How Soon After Unprotected Sex are Pregnancy Tests Accurate?
If you have recently had unprotected sex, you may be wondering when you will be able to test for pregnancy. Especially when you are trying to conceive, it can be hard to wait! Knowing a bit about how pregnancy tests detect pregnancy and when they will give an accurate result can help make the wait a little more bearable.
It’s not JUST about when you had sex.
While it certainly matters, the date that you had unprotected sex is not the only determining factor in when you can take a pregnancy test. Sperm can live inside the body for 2-5 days, meaning that conception could occur anytime in the few days after having sex.
The important date in tracking your cycle is the date of ovulation, or when your body releases an egg from the ovaries into the fallopian tube. Once sperm and egg meet, it can take up to 24 hours for fertilization to occur.
Tracking your cycle will help you know when to test.
Tracking your ovulation is a great way to know when you’ll be able to test for pregnancy. There are several ways to track ovulation, including fertility apps, manual tracking, or using ovulation tests. If you are trying to conceive, ovulation tests can be a simple way to get an accurate idea of when will be the best time to have unprotected sex.
Once you know when you ovulated, you can count the days from there so that you know when to test for pregnancy. After the egg is fertilized, it will take 3-4 days to enter the uterus, where it will implant and begin to create the pregnancy hormone, hCG, in the body.
How long after implantation can you test?
When the egg implants in the uterus and hCG starts to develop in the body, it will take an additional 7-12 days before there will be enough to be detected in the urine by a home pregnancy test.
Many women will choose to simply wait two weeks from the date of ovulation to test for pregnancy. This often will account for the required time between unprotected sex and a positive pregnancy test. However, this process can vary based on the length of time that each stage takes.
What if you get a negative test? Should you test again?
If you have waited two weeks from ovulation or unprotected sex and see a negative test result, you may feel disappointed or perhaps confused. Is it possible that you are pregnant and should test again? Or is a negative test accurate at this time?
Because of the variation that can occur in the stages of fertilization and implantation, a negative test at two weeks is not necessarily accurate. Sometimes, hCG builds slowly, or maybe implantation happened a little later than you thought.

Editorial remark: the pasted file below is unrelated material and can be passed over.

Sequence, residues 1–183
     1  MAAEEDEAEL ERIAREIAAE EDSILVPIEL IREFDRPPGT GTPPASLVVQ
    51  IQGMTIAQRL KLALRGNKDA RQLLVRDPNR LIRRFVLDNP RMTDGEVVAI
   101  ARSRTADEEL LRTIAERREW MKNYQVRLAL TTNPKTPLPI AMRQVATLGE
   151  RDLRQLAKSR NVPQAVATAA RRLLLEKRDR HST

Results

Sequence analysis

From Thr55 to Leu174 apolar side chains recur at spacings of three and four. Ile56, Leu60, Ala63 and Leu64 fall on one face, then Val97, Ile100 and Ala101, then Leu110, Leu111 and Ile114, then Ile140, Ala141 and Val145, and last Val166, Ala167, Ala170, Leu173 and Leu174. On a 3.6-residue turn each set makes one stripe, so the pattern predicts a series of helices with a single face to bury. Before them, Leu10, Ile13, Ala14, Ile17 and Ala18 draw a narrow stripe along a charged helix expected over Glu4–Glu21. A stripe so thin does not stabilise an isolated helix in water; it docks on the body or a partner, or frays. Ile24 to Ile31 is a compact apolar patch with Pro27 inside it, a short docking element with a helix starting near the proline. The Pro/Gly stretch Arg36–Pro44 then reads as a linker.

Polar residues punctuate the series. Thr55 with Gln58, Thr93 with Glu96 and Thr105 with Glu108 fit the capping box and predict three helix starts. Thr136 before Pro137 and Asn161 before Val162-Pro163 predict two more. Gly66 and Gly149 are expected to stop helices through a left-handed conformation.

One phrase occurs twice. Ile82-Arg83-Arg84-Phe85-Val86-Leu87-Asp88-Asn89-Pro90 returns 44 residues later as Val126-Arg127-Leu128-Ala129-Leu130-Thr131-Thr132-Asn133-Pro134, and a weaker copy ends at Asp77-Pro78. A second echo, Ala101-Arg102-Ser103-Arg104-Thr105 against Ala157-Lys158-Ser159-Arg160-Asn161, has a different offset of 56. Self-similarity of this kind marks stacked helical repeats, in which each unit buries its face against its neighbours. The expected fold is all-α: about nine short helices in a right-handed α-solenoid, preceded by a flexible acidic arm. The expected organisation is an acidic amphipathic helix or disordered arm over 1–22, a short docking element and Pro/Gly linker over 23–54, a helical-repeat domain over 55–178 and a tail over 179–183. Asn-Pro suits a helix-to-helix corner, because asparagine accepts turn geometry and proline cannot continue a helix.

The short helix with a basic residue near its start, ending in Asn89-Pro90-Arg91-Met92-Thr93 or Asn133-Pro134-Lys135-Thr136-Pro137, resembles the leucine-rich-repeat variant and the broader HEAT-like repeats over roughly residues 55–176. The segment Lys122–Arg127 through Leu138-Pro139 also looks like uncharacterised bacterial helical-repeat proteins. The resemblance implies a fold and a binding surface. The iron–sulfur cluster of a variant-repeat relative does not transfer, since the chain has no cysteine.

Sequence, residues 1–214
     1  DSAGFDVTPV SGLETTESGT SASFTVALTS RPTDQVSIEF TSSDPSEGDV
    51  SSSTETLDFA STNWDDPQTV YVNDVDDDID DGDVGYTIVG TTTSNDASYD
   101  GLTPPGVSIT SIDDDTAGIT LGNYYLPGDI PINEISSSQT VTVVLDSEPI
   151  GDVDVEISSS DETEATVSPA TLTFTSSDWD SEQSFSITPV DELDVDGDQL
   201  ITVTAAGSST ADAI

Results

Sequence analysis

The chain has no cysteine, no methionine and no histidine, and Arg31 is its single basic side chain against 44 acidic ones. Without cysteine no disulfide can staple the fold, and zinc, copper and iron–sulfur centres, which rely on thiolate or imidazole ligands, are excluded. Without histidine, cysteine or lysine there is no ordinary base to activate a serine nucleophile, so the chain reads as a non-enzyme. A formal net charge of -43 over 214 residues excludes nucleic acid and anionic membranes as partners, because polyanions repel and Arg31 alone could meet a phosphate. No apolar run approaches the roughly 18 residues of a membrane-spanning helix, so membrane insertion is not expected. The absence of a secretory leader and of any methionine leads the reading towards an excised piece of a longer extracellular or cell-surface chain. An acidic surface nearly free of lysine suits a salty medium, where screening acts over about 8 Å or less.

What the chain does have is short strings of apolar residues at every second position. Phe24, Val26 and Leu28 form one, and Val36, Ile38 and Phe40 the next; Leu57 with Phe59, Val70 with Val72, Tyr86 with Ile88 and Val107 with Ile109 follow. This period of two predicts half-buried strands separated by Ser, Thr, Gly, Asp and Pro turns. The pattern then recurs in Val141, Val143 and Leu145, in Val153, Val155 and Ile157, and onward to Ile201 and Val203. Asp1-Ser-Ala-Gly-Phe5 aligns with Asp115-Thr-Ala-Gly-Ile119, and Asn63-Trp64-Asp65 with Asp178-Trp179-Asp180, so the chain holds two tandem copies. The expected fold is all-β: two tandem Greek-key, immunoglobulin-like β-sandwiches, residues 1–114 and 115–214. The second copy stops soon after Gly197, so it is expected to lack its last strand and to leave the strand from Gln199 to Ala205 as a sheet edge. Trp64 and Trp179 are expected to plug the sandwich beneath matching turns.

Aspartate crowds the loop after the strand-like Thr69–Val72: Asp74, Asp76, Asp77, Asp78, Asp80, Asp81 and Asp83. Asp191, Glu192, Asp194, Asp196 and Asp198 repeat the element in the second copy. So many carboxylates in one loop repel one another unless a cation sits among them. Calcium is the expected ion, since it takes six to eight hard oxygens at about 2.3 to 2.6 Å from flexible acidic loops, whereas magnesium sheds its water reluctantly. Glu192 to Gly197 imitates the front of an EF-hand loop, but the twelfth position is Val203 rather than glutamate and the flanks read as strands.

If you have not started a period, you can always wait a couple of days and test again. HCG doubles about every 48 hours in early pregnancy, so there is a chance that waiting for just a few more days will allow your body to build up enough to be detected.
If we think about everything we know about sperm, fertilization, and implantation, we can do some math to find out when the soonest possible positive pregnancy test could be taken.
If you have unprotected sex as an egg is already in the fallopian tube, it could take as little as 12-24 hours for fertilization. Three days later, the egg could implant in the uterus and begin producing hCG in the body. If your body builds up hCG very quickly, a home pregnancy test could detect it about a week after implantation.
That means that the soonest you might be able to test for pregnancy would be about 11-12 days after having unprotected sex. But keep in mind, most home pregnancy tests are more accurate the longer you wait. Waiting until after you have missed a period will give you the most accurate results.
Waiting is tough...even for experienced moms!
If you find yourself unable to wait to take a pregnancy test, you aren’t alone! The wait between unprotected sex and taking a pregnancy test can seem incredibly long, especially if you are hoping for a positive.
Try to remind yourself that if you get an early negative, it may just be that your body hasn’t yet produced enough hCG to be detected. The longer you are able to wait to test, the more accurate your results will be.
With that said, you wouldn’t be the first hopeful parent to take a pregnancy test early even though you know it might not be time yet. Having a few extra tests on hand might be a good idea if you know you’ll get impatient and start testing early.
Plan for the wait.
If you are actively trying to conceive and know the wait will be tough, try planning some fun activities for yourself in the weeks between ovulation and when you plan to test. Being able to distract yourself with enjoyable things to look forward to may help you wait until you know you can accurately take a home pregnancy test.
Trying to conceive can be a stressful time. Remember to take care of yourself and plan for the wait!